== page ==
The post "WHO FOSTERS" received a comment from a young mum (I assume young, she said her children are 4 and 11). The post was signed "Ari" - and by the way I'm also assuming Ari is a mum, but there's no reason why not a dad, it would be old-fashioned to conclude a gentle caring soul is most likely a woman.
Anyhoo I'll go with Ari being a young mum just to save myself from writing she/he all the time.
She's thinking about becoming a foster parent. We've all been there, thinking about becoming a foster parent. Her quandary is that fostering might jeopardise her own children's childhood.
So I'd like to talk to her in this post, but invite other comments from other foster parents and for that matter non-foster parents, to help her.
It's a somewhat lonely place, thinking about fostering. Let's help Ari.
The first thing I did was think about my own children's specific personalities. Every child is different (and how). Each of mine had individual traits unique to them, some went in the positive column some in the negative column. Ari, you might do the same. Anything standout in the negative column would be the thing to focus on, asking yourself if your child's present and future happiness might be threatened by the arrival of a foster child. Some children are more vulnerable than others, but Ari; I doubt yours have any enduring problems as you've come this far. In fact my guess is your children are pretty solid, you're a highly competent parent, and that's something you'd like to share with other children.
Next thing; Blue Sky met our children. It was agreed that maybe certain foster children might not be right for our family during our start-up period. Ari have you had any assurances along those lines?
Of course we had concerns for our children, but, without sounding cold, if fostering starts to cause problems for the foster parent's family, the plug gets pulled. No-one is expected to sacrifice their family's wellbeing.
We even had to rationalise an irrational fear; that one of our children would suddenly confront us, not now but in ten or twenty years time and say something like; "You ruined my life by fostering!"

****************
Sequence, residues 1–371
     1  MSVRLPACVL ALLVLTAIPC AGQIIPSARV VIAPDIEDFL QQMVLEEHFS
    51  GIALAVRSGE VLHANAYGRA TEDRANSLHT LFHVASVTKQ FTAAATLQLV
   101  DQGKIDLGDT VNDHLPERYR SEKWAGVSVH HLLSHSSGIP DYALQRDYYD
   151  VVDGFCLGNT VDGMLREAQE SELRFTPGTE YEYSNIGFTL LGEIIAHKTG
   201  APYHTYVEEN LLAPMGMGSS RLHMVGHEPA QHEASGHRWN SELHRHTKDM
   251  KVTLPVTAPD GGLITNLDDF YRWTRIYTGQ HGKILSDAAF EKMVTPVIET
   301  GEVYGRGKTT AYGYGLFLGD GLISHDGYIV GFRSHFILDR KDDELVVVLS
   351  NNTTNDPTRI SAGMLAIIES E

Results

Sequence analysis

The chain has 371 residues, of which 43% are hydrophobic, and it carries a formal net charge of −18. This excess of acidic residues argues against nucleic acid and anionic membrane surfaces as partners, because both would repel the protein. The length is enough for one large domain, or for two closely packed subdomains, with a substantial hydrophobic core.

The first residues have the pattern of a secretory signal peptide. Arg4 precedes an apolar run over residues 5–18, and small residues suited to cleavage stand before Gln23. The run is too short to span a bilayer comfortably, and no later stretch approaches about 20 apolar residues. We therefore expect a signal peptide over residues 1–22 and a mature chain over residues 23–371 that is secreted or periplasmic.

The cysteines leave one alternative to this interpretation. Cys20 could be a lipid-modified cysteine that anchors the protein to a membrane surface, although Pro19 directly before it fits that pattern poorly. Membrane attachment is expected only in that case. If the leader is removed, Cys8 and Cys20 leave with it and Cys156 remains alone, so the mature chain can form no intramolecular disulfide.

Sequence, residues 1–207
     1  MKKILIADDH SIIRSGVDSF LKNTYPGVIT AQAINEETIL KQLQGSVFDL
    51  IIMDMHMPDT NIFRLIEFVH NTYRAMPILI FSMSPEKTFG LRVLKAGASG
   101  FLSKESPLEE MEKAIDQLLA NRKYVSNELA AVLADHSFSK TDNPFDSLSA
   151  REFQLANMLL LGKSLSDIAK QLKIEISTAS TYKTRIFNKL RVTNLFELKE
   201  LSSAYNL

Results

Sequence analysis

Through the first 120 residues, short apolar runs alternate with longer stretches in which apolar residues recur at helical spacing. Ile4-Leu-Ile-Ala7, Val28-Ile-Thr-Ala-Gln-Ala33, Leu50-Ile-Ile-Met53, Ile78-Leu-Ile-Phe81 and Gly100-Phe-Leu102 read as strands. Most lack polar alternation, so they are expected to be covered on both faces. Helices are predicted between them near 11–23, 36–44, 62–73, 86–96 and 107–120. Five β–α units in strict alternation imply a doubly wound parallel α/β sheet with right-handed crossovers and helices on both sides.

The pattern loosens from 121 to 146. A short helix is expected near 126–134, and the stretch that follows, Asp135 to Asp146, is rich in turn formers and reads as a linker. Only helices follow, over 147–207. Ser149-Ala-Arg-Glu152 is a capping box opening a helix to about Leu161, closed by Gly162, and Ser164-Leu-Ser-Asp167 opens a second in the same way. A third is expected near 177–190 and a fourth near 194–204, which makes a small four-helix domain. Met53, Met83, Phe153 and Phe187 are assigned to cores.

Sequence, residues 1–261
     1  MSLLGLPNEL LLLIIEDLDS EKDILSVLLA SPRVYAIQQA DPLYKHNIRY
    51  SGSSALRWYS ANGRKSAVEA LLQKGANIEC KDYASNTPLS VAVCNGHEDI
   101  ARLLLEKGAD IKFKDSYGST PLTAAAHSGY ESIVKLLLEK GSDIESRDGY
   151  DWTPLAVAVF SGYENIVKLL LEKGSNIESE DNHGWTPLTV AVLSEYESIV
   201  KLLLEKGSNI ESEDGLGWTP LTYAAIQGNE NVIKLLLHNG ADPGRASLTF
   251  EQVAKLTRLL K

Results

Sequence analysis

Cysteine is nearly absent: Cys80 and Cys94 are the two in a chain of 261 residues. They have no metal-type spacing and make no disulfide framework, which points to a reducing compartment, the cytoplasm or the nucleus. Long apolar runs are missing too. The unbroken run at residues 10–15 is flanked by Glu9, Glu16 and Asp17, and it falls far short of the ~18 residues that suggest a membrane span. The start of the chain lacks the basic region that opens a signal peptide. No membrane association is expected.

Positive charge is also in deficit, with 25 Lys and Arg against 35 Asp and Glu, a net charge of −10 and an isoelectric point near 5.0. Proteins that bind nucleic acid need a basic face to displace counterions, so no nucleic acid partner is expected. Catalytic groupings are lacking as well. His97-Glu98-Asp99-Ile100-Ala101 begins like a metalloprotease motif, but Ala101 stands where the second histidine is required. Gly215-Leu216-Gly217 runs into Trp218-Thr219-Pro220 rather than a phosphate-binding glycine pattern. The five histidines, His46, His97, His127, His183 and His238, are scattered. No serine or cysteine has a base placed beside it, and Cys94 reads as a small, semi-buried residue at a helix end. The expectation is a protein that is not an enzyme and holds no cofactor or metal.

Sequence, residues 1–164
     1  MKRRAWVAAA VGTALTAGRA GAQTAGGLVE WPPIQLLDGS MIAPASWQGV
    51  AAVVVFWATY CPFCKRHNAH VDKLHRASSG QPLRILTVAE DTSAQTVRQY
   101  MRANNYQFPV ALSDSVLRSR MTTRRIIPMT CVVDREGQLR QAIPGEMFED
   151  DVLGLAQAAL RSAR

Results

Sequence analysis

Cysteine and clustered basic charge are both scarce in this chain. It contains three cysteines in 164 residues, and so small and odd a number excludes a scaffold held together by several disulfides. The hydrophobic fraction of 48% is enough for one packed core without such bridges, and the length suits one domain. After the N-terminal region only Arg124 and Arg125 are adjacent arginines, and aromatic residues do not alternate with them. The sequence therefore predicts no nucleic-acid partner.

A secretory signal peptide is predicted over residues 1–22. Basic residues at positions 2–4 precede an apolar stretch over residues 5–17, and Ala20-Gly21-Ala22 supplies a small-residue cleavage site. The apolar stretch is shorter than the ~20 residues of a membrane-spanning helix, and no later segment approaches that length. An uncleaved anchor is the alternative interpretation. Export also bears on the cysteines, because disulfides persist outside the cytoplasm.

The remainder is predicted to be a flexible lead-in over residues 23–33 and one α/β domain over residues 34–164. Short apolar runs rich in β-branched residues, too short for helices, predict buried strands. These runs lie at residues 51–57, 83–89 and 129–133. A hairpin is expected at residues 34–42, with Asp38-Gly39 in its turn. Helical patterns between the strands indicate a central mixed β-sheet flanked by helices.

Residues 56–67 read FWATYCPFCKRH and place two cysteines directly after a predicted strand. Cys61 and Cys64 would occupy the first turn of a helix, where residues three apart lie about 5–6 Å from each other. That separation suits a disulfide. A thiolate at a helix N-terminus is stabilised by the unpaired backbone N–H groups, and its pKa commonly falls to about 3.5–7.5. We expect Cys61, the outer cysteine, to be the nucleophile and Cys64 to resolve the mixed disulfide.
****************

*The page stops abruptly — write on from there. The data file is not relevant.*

Once we started to edge towards giving it a go we talked to all our wider family (as did Blue Sky), but specifically we talked to our children. A lot. Achieving approval to foster takes several months and we would bring it up at the table or watching TV or driving around. They started to feel on board and develop an interest in the idea. We talked about whether they'd feel jealous or intruded, and whether they'd enjoy feeling pride in helping children less lucky than themselves.
So; we tried to bring our own insights into our children into the thinking, we tried to give them a sense of ownership, and leave them in no doubt that there was a way out if anyone found it too much.
Ari, I wonder how your own two children engage with each other? Your eldest is 11 and your second is 4. Eldest will need to be pretty accommodating to adjust their games and interaction to knit with youngest. Accommodating is good. Soon eldest will start to strike out into an independent life and youngest will experience shades of only child syndrome, which has it's plusses as well as minuses. You'll know their emotional intelligence inside out.
You always get a good profile of the foster child you're being offered and time to chew it over, thinking about the fit. You can, and should, if you think a proposed child is wrong for you, say No.
All that said, I think you should proceed with the approval process. It's seriously useful as a tool for being the best parent you can be, never mind about the pride in qualifying. We underwent our first approval process in 1985 but didn't begin to actually foster for several years. Why? Because the day we got the letter saying we were approved was the very same day I found out we were expecting our first child and we decided to put fostering on hold until our own family were ready.
Those are my thoughts Ari.